CODE OF ETHICS PURSUANT TO RULE 17J-1
This Code of Ethics has been adopted by the Board of Directors of the Company in accordance with Rule 17j-1(c) under the Investment Company Act of 1940 (the "Act"). Rule 17j-1 generally prohibits fraudulent or manipulative practices by access persons of investment companies and business development companies including with respect to purchases or sales of securities held or to be acquired by such companies.
The purpose of this Code of Ethics is to reflect the following: (1) the duty at all times to place the interests of shareholders of the Company first; (2) the requirement that all personal securities transactions be conducted consistent with the Code of Ethics and in such a manner as to avoid any actual or potential conflict of interest or any abuse of an individual's position of trust and responsibility; and (3) the fundamental standard that Company personnel should not take inappropriate advantage of their positions.
Rule 17j-1(b) provides that it is unlawful for any affiliated person (as defined in the Act) or principal underwriter for a registered investment company or any affiliated person of an investment adviser or principal underwriter for a registered investment company in connection with the purchase or sale, directly or indirectly, by such person of a security held or to be acquired, as defined in this section, by such registered investment company:
(a) To employ any device, scheme or artifice to defraud such registered investment company;
(b) To make to such registered investment company any untrue statement of a material fact or omit to state to such registered investment company any material fact necessary in order to make the statements, in light of the circumstances under which they are made, not misleading;
(c) To engage in any act, practice, or course of business which operates or would operate as a fraud or deceit upon any such registered investment company; or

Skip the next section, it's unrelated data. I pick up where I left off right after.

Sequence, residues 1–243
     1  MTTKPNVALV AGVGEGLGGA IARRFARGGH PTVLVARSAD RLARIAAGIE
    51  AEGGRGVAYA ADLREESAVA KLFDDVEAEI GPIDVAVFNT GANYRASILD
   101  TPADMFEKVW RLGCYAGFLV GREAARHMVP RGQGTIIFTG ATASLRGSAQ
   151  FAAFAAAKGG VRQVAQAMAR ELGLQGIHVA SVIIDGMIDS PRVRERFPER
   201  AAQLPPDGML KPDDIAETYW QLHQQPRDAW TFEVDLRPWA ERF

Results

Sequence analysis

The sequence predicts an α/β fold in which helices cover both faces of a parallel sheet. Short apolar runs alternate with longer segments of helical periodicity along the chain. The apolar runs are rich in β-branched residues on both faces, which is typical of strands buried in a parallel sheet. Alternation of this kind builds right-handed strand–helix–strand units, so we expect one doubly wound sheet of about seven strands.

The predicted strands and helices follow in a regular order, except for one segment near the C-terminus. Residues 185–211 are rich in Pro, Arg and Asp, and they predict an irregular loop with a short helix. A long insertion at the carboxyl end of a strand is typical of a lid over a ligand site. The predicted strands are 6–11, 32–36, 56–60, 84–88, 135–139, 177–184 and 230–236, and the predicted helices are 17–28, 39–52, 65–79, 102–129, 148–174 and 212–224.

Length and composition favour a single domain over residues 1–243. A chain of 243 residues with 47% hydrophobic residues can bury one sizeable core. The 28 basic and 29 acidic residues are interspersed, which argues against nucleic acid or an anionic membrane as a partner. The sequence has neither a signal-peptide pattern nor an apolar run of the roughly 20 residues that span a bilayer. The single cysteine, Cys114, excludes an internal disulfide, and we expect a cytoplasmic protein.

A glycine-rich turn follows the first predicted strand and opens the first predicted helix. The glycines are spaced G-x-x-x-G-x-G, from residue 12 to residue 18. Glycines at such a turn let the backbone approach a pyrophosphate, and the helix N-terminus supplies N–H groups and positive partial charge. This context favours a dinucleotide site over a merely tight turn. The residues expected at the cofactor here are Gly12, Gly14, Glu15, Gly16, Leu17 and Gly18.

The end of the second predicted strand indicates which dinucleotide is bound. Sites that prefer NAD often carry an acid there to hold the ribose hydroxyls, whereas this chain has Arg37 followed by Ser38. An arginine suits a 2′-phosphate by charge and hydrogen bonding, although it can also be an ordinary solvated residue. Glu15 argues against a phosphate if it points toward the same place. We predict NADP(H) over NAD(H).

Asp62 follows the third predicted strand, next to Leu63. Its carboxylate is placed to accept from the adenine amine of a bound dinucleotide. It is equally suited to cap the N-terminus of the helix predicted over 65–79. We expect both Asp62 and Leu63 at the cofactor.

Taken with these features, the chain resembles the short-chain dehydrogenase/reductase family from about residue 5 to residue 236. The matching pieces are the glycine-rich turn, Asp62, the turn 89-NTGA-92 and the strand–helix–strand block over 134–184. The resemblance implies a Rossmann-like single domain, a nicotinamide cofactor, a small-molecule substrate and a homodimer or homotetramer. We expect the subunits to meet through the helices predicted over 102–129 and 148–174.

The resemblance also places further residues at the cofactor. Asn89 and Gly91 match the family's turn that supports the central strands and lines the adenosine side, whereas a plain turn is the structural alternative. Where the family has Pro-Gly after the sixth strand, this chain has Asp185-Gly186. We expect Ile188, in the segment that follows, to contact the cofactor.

(d) To engage in any manipulative practice with respect to such registered investment company.
Section 59 of the Act makes these provisions applicable to business development companies.
Rule 17j-1(c) requires that the Company adopt a code of ethics containing provisions reasonably necessary to prevent its "Access Persons" (as defined below) from engaging in any of the conduct referred to above.
This Code of Ethics applies to the "Access Persons" of the Company. Currently this includes each employee and each director of the Company. Each Access Person must receive, read, acknowledge receipt of, make certain reports under, periodically certify compliance with and retain this Code of Ethics.
This Code of Ethics is administered by the Company's Chief Compliance Officer and any questions should be directed to that individual.
For purposes of this Code of Ethics, the following definitions shall apply:
(a) "Access Person" means any director, officer or Advisory Person of the Company. The term includes any entity or account in which an Access Person (together with immediate family members) has a 25% or greater beneficial interest or where multiple Access Persons have a 50% or greater beneficial interest.
(b) "Advisory Person" of the Company means (1) any employee of the Company or of any company in a control relationship to the Company who, in connection with his regular functions or duties, makes, participates in, or obtains information regarding the purchase or sale of Covered Securities by the Company, or whose functions relate to the making of any recommendations with respect to such purchases or sales; and (2) any other natural person in a control relationship to the Company who obtains information reasonably contemporaneously concerning recommendations made to the Company with regard to the purchase or sale of Covered Securities.
(c) "Affiliated Person" means, in reference to the Company, (i) any person owning or holding with the power to vote 5% or more of the outstanding voting securities of the Company or of which the Company owns or holds with power to vote 5% or more of the outstanding voting securities, (ii) any director, officer or employee of the Company or (iii) any person controlling, controlled by or under common control with the Company.
(d) A Covered Security is "being considered for purchase or sale" when, in the case of a potential purchase, the Company has commenced or completed due diligence and has not determined not to seek to acquire such security and, in the case of a sale, the Company has commenced formal consideration of whether to sell such security and has not determined not to seek to sell it.